Friday, April 26, 2013

The Carrion birds by Urban Waite

The Carrion Birds

Book Description from Amazon

April 16, 2013

The Carrion Birds from Urban Waite, author of the highly acclaimed The Terror of Living, is a remarkable work of literary noir.
Hired gun Ray Lamar is ready to put his past behind him. He wants to see his twelve-year-old son and start a new life—away from the violence of the last ten years. One last heist will take him there. All he has to do is steal a rival’s stash. Simple, easy, clean.
But when things start to go very wrong, Ray realizes the path to redemption isn’t always easy.
A soulful tale of violence, vengeance, and contrition, The Carrion Birds is an elegant depiction of one man’s last chance to make things right.

From the Back Cover

Set in a small town in the Southwest, a soulful work of literary noir rife with vengeance and contrition from a fresh voice in fiction—the author of the highly acclaimed The Terror of Living
Life hasn't worked out the way Ray Lamar planned. A widower who's made some tragic mistakes, he's got one good thing going for him: he's calm and efficient under pressure, usually with a gun in his hand. A useful skill to have when you're paid to hurt people who stand in your boss's way.
But Ray isn't sure he wants to be that man anymore. He wants to go home and see the son he hopes will recognize him. He wants to make a new life far from the violence of the last ten years, and he believes that one last job will take him there. A job that should be simple, easy, clean.
Ray knows there's no such thing as easy, and sure enough, the first day ends in a catastrophic mess. Now the runners who have always moved quietly through this desert town on the Mexican border want answers. And revenge. Short on time, with no one to trust but himself, Ray must come up with a plan, or else Coronado, New Mexico's lady sheriff will have a vicious bloodbath on her hands.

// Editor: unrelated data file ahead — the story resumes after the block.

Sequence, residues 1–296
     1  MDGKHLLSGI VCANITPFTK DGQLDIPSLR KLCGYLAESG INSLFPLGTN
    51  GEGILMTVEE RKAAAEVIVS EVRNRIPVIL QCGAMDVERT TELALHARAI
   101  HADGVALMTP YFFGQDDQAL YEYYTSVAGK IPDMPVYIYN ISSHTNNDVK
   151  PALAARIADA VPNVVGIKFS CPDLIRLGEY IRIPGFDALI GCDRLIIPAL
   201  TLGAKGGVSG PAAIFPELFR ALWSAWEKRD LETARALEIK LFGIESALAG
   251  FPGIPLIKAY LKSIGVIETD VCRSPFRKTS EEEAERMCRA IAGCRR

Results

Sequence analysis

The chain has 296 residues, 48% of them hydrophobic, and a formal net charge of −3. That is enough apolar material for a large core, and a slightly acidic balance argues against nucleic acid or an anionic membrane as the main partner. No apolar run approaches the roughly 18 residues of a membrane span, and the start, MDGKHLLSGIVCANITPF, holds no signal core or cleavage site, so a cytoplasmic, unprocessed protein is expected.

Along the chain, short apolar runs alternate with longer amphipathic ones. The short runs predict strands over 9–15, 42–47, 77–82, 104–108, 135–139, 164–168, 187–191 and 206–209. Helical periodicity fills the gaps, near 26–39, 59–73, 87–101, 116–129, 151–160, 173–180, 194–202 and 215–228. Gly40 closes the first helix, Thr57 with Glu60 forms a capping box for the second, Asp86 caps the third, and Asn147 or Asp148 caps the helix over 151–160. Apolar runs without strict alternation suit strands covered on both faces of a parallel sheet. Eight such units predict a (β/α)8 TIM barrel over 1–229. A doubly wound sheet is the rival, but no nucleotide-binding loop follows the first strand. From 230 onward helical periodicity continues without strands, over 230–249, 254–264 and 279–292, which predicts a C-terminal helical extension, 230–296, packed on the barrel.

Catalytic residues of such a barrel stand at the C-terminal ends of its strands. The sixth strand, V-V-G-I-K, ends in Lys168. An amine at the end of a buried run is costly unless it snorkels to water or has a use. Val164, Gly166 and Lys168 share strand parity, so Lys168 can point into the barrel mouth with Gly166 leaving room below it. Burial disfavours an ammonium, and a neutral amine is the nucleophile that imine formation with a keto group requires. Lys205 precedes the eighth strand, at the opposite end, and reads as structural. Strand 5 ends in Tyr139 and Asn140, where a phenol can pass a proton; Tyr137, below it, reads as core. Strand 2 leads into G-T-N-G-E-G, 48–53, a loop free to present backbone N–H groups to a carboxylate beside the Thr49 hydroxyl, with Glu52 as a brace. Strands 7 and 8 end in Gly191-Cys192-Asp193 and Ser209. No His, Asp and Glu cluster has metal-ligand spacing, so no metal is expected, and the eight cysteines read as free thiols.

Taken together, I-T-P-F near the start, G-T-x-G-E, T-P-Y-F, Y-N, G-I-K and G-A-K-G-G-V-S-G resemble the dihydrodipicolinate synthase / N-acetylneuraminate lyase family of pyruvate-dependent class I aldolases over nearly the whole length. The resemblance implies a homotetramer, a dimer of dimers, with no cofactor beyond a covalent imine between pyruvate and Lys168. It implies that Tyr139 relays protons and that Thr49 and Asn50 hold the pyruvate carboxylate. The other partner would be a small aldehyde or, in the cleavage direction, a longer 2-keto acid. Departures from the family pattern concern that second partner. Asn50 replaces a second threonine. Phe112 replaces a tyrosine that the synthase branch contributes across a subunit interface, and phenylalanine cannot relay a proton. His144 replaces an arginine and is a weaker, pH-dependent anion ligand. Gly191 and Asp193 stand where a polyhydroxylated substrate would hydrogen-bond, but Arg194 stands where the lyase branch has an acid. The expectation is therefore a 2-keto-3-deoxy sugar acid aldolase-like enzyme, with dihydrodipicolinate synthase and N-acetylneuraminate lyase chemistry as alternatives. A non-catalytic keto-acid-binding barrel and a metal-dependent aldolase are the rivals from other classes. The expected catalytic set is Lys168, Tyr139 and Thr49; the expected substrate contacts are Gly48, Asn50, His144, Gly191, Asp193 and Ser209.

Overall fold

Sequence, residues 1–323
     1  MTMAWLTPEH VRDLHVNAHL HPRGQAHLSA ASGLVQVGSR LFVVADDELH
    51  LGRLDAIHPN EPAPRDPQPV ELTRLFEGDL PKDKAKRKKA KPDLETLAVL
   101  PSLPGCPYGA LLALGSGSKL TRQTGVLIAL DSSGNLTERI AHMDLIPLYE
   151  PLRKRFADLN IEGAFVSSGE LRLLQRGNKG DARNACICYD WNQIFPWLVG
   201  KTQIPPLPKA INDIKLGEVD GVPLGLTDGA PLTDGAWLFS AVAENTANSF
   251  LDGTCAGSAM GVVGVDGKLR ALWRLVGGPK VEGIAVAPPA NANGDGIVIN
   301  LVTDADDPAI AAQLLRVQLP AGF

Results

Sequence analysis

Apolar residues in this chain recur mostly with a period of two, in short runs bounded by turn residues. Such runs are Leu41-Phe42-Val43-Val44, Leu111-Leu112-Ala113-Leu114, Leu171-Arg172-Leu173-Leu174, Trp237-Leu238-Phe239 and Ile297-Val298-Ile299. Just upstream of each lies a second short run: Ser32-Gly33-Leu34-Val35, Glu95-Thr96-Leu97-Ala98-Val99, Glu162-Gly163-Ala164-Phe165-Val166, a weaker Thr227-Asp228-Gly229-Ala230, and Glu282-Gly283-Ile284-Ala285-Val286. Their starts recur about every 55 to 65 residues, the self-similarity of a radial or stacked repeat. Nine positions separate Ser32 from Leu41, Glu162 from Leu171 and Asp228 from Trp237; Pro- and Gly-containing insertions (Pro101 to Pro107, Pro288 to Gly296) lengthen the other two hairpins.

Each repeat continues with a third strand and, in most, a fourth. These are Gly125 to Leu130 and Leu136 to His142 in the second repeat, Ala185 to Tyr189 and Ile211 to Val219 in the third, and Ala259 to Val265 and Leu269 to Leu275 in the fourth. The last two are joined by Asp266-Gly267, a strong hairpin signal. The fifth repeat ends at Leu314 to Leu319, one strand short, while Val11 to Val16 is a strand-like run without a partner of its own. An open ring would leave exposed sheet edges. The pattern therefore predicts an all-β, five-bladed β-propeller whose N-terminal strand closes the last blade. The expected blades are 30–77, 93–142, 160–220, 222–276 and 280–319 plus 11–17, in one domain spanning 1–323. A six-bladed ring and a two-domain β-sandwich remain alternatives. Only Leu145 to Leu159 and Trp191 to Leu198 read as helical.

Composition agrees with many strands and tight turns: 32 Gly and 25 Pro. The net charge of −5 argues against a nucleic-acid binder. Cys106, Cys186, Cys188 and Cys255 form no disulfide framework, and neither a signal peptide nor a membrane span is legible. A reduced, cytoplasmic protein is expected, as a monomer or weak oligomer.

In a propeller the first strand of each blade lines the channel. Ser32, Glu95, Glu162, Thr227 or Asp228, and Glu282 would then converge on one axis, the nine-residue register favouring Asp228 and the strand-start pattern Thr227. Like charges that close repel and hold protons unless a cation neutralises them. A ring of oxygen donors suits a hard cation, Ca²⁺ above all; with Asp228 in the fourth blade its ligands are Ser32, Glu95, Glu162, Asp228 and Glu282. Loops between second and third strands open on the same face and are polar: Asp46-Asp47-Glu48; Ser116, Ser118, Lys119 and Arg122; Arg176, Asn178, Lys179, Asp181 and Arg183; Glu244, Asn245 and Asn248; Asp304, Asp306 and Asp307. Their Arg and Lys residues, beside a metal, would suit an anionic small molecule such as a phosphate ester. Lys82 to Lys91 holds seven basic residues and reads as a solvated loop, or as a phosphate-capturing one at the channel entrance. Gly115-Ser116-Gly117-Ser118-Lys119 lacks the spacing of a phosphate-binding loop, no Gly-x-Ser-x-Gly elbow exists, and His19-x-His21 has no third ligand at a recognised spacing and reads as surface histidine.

Set in a town once rich with oil, now forgotten and struggling, The Carrion Birds is filled with refreshingly realistic and vulnerable characters. With its masterfully orchestrated suspense and unexpected bursts of lyricism, this is a remarkably unsettling and indelible work in the tradition of Cormac McCarthy, Elmore Leonard, and Dennis Lehane.

My review:
I received a complimentary advance reading copy of The Carrion Birds to read and review. I will say at the beginning this is not my kind of book but the author did a good job of the story and so I will give it a 4 star. There is a lot of violence which would be expected in a book written about drugs and murder. The opinions are my own.
Dedicated: For My Mother who showed me at a young age how to pick from the ashes.
The main character, Ray Lamar, leaves the reader with "do I like him or do I wish him the worst?"
Some characters are Tom (Tomas) Herrera, a cousin of Ray. Tom lost his job as the sheriff and the new sheriff is Edna Kelly. Memo, a drug dealer and his nephew, Jim Sanchez. Dario Campo owns a bar in town.
There is a lot of emotion, death, blood, drugs, violence and graphic descriptions.
Ray wants to reconnect with his son, who was left injured after the accident, was it an accident ?, of his mother.
For those who like a real life type of book this is one for them. It is fast moving with the book taking place over a four day period for Ray.
The Carrion Birds are describing the death of an oil town where the oil is no longer there to be pumped.
carrion (kar-ee-uh n) rottenness, vile, dead
Urban Waite may be reached at

Leona Olson

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